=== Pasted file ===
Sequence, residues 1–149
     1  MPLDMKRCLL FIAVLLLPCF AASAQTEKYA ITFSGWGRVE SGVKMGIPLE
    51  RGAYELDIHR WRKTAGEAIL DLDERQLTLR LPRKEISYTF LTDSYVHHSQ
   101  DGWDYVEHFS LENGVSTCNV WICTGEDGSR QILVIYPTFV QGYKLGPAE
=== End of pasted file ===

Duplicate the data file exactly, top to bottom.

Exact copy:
Sequence, residues 1–149
     1  MPLDMKRCLL FIAVLLLPCF AASAQTEKYA ITFSGWGRVE SGVKMGIPLE
    51  RGAYELDIHR WRKTAGEAIL DLDERQLTLR LPRKEISYTF LTDSYVHHSQ
   101  DGWDYVEHFS LENGVSTCNV WICTGEDGSR QILVIYPTFV QGYKLGPAE